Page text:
It wasn't always Black and Gold or "Who Dat" chants everywhere. It was losing, more losing and eventually, those infamous paper bags.
Now, however, Drew Brees and last year's Saints team have done what many Saints fans thought was impossible: Win a Super Bowl.
And given my love for the Saints and the city of New Orleans, I'm glad to see it happen. But I don't like seeing friends of mine hooting and hollering about the Saints 24/7 when they never even used to watch football on Sundays.
Of course, not every Saints fan is like this. But the ones who are definitely drive me crazy.
San Diego knows what it's like to win, with five playoff appearances since 2004, including four straight from 2006-2009.
What the Chargers fans don't know how to do, however, is show up to watch their team play when they aren't thrilled about their team's most recent performance.
Though San Diego won the AFC West and made it to the Divisional round of the playoffs during the 2008 season, that apparently didn't cut it. The team had to get a 24-hour extension to avoid a blackout in its 2009 home opener.
Really? A divisional title and one playoff win isn't enough for you, Chargers fans?
I know you'd rather win a Super Bowl, but showing a little more fan loyalty wouldn't hurt.
Blackouts, blackouts and even more blackouts—that pretty much sums up the Tampa Bay Buccaneers.
I really feel bad for local fans who—if they aren't able to go to the game in person for whatever reason—can't watch their team on TV because the Bucs have so many blackouts.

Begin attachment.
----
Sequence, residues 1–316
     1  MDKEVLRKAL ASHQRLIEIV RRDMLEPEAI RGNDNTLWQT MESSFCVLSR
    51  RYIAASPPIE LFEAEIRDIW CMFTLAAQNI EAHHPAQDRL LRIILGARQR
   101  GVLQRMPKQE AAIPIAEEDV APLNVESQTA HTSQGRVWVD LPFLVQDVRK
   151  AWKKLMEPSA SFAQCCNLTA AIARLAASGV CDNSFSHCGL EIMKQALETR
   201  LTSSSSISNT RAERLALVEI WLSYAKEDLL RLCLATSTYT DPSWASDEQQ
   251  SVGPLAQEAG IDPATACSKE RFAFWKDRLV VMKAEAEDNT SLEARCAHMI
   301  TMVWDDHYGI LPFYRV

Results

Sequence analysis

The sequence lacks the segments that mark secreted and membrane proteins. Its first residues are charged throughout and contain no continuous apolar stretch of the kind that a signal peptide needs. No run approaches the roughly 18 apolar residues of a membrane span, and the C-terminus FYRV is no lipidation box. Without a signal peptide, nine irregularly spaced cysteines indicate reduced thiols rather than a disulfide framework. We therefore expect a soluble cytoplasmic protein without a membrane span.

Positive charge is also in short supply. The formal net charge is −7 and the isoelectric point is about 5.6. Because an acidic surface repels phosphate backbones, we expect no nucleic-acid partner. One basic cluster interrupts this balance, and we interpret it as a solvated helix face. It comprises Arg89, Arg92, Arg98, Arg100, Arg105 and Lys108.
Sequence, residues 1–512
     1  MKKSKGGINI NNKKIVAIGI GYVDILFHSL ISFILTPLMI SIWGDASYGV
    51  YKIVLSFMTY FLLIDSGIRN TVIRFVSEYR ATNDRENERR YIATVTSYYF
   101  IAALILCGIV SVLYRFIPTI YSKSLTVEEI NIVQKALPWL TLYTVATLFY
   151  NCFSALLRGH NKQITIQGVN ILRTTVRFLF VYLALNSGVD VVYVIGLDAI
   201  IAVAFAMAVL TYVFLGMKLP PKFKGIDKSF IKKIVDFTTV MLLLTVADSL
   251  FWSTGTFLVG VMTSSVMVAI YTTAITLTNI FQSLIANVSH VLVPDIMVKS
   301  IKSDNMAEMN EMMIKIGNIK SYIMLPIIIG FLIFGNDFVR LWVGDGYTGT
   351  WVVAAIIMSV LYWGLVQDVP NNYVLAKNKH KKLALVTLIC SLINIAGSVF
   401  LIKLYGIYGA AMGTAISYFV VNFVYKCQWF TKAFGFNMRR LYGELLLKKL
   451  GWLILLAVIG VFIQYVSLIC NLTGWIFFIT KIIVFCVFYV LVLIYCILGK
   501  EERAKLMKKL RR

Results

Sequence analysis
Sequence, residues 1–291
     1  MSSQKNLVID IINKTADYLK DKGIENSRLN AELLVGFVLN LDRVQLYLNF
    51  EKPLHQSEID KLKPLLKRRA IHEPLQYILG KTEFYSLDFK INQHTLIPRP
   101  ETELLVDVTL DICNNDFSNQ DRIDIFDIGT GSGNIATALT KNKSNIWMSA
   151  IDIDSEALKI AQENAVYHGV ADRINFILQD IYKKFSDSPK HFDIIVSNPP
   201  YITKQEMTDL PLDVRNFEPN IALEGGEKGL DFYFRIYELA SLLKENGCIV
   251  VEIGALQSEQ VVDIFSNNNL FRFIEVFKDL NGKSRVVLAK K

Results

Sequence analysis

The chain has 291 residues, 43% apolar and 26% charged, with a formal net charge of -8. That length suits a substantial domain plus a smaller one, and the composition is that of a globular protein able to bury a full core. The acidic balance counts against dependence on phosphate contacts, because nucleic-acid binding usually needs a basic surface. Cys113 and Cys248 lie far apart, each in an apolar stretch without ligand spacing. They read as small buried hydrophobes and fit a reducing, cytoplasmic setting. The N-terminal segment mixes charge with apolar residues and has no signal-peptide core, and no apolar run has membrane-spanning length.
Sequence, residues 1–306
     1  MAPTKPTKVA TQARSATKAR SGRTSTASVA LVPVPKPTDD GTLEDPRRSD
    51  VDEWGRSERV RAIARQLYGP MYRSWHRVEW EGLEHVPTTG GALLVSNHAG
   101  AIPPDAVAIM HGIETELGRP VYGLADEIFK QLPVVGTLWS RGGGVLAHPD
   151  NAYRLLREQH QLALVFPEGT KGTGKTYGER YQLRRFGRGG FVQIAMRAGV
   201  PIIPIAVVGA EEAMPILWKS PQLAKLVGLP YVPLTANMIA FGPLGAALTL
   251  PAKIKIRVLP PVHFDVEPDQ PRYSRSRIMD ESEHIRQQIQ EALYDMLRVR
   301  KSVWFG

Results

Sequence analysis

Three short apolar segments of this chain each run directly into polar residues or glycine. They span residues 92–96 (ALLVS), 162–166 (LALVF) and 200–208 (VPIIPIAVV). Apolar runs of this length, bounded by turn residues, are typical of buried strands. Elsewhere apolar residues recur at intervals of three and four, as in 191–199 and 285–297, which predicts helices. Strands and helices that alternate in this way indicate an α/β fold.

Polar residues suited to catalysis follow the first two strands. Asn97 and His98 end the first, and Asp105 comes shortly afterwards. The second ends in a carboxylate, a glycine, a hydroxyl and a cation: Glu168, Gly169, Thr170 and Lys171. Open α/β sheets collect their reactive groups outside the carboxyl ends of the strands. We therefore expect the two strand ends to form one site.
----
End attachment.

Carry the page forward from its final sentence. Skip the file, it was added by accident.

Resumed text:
Interest in Buccaneer football did spike when the team was relevant early in the Jon Gruden era, but it's tailed off considerably since then, even though they seem to be turning the corner with Josh Freeman behind center.
Then again, it shouldn't be surprising that the Buccaneers' fans abandoned them once their Super Bowl XXVII victory got further and further away.
This is the same city that could care less about the Lightning and didn't even bother to show up when the Rays played in the World Series.
Raise your hand if you knew that Cincinnati had that "Who Dey" chant before the 2005 season. I sure didn't.
The thing with the Bengals is that the team's chant was seemingly nonexistent for the 14 straight seasons at or below .500 before that 2005 campaign. Then, once they made it to the playoffs, Bengals fans couldn't get enough of it.
Well, cheering's all fine and dandy. But where was it when Cincinnati was at the bottom of the AFC Central and North for the better part of two decades?
Not coming out of the mouths of Bengals fans, that's for sure.
For years, even decades, the Arizona Cardinals were considered to be a joke in the NFL.
They played in a college football stadium, they were constantly outnumbered by fans of opposing teams and they couldn't even sniff the playoffs.
But fast forward to the 2008 season, when Cardinals fans realized their team was playing in a fancy new stadium...and was actually good. Here come the bandwagoners, who will jump on a trendy team like a six-year-old kid jumps on a trampoline.
Arizona went from NFL afterthought to a team whose stadium was filled with fans who suddenly owned Larry Fitzgerald jerseys.
I just can't wait to see how they react when John Skelton lines up at quarterback for the team's first game in 2011. My guess is that some other NFL teams will gain some new fans.
Are the Jets fans passionate and loyal? Yes.
Are the Jets fans a lot more passionate and loyal now that Rex Ryan and Mark Sanchez are in the Big Apple? Hell yeah.
Just think about the last time the team was really relevant in the AFC for an extended period of time. Yeah, they made back-to-back playoff appearances in 2001 and 2002, but after the Super Bowl III win over the Baltimore Colts in 1969, they have just two AFC East titles (1998 and 2002) and zero AFC titles.
Now, all of a sudden, the Jets are supposed to be the greatest team in all of football. Sanchez this, Ryan that.
Um, last I checked, you weren't the defending Super Bowl champions, so stop acting like you are.